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10.15.08

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Phaedra
NOVEL IDEA: Big Daddy's versions of popular rock songs were born of a wild POW story.

Maim That Tune

They don't remake 'em like they used to

By Bruce Robinson


We're gonna do the start of this song old," intones the unknown vocalist over a slow blues vamp, "but then we're gonna do the finish real old."

While the introduction is a clear nod to Tina Turner, this version of "Proud Mary" downshifts the Creedence classic into a midtempo, doo-wop shuffle—the "old" opening—before kicking into a hard-bop swing treatment that turns the clock back even another decade.

Welcome to the mysterious world of Godfrey Daniel.

That was the name under which an otherwise anonymous group of musicians released a 1972 gem titled Take a Sad Song..., which reworks a fistful of enduring hits from that time into stylistic ringers for performers from the pre-Beatle '60s all the way back to a crackup, Al Jolson–ized "Groovin'" and a Rudy Vallee–ish crooner fronting a Goodman-like combo for the ultimate throwback cover of Buddy Miles' "Them Changes."

More contemporary—in strictly relative terms—is the faux Righteous Brothers cover of "Hey Jude," the Dick Dale–like version of "Mercy, Mercy, Mercy" and the Del Shannon treatment of "Woodstock," complete with slippery organ solo.

Most of the rest—"Purple Haze," "Dance to the Music," "Honky Tonk Women" and more—come in various shades of doo-wop, but it requires a more thorough knowledge of the genre than mine to recognize the nuances that distinguish a Coasters parody from a nod to the Clovers or the Regents. Fortunately, that's not necessary to appreciate the way arranger Andy Solomon is able to find an earlier-era touchstone at the heart of each song.

Solomon and engineer Dave Palmer are the only people credited on the album jacket, despite what sounds like a cast of dozens, including multiple singers and a versatile horn section (cryptically credited as "The Charles Solomon Orchestra with the Syncopated Serenaders"). And they've kept their secrets well. There's speculation among the album's scattered fans that Godfrey Daniel (the name was a favorite W. C. Fields expletive) was in some way linked to the Amboy Dukes ("Journey to the Center of the Mind"), an idea based solely on the presence of an Andy Solomon in that early Detroit psych-rock band. But it hardly seems plausible that a one-time Ted Nugent sidekick could have helmed a project so vastly different in style and sensibility.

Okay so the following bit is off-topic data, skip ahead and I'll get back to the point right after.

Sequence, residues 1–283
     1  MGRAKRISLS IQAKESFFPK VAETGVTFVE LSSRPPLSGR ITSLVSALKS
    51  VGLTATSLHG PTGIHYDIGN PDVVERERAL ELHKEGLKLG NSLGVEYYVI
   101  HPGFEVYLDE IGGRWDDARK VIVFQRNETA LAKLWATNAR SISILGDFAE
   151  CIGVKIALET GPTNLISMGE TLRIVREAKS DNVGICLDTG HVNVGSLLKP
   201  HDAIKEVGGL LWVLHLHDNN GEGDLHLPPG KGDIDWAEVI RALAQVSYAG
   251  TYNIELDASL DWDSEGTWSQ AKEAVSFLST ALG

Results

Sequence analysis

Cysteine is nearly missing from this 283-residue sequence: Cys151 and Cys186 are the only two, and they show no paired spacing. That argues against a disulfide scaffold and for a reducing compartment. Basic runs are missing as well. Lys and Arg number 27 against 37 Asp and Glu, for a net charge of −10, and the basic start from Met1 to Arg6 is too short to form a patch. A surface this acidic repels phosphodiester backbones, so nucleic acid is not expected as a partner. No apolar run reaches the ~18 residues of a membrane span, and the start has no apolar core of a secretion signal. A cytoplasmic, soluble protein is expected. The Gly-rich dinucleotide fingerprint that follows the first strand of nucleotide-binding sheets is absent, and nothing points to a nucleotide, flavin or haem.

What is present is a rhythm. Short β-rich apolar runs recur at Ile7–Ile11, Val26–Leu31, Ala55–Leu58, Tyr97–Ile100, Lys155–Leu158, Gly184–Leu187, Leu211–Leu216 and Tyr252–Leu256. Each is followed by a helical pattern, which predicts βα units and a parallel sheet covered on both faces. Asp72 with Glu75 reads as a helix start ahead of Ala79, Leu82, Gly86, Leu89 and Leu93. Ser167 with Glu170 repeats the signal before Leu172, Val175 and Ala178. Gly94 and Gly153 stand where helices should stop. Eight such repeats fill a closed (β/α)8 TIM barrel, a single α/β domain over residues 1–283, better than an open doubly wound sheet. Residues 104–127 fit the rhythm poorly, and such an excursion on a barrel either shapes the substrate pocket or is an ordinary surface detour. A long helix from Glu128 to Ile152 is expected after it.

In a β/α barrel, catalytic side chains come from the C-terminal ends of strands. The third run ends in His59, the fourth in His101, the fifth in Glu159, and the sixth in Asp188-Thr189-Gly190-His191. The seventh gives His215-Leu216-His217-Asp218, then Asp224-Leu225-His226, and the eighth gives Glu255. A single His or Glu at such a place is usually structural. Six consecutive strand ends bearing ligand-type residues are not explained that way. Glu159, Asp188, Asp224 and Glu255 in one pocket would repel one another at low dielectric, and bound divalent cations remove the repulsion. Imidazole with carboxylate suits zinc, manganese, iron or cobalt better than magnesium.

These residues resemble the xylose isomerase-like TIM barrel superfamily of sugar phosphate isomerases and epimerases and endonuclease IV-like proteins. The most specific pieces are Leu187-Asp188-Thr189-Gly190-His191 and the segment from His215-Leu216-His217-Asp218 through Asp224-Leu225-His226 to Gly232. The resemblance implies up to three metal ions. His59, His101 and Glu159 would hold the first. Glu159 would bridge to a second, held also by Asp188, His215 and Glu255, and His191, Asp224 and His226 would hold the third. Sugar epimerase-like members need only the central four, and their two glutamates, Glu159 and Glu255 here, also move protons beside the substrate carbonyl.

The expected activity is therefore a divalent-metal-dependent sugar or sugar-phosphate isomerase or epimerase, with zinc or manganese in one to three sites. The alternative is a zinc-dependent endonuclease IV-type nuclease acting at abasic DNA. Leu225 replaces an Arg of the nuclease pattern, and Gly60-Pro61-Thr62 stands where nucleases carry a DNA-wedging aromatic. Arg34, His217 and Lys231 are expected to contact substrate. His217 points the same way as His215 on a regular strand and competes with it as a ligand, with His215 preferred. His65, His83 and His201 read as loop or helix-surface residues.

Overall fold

Take a Sad Song... was scarcely noticed when it first came out, and so far has not been deemed worthy of a CD reissue. But even now copies turn up occasionally in used record bins here and there. If you see one, your four bits will be well invested.

A decade later, a more identifiable group latched on to the same concept and rode it into the CD age. Big Daddy was an L.A.-based quintet whose "official" bio explains that the band members were captured during a USO tour of southeast Asia in 1959 and held in Laos as POWs. The band was allowed to practice and play, but didn't hear any new music until their release from prison in the mid-1970s, which explained, so the story went, their need to play then-current songs in styles that were mostly two decades older.

On their 1983 debut, What Really Happened to the Band of '59 , Big Daddy gave the doo-wop do-over to the likes of "Eye of the Tiger," "You Don't Bring Me Flowers" and "Just What I Needed." More amusing, however, are the wilder contrasts, such as a stripped-down, surf-guitar adaptation of the theme from Star Wars, or applying clean, clear Everly Brothers harmonies to "Super Freak."

But Big Daddy's masterwork was their fourth and, so far, final release in 1992: Sgt. Pepper's, a track-by-track remake of the Beatles' landmark album in which each oh-so-familiar song is recast as if performed by a distinctive voice from a generation earlier, from Elvis ("Lovely Rita") to Jerry Lee ("Lucy in the Sky with Diamonds"), Freddy Cannon ("Mr. Kite") to Johnny Mathis ("With a Little Help from My Friends"). "Within You Without You" becomes a bongo-driven beat-poetry recitation, while the album's epic closer is rendered la Buddy Holly, ending not with an orchestra implosion but a newscaster's report of a fatal plane crash.

All in all, an impossible act to follow. No wonder they haven't tried.


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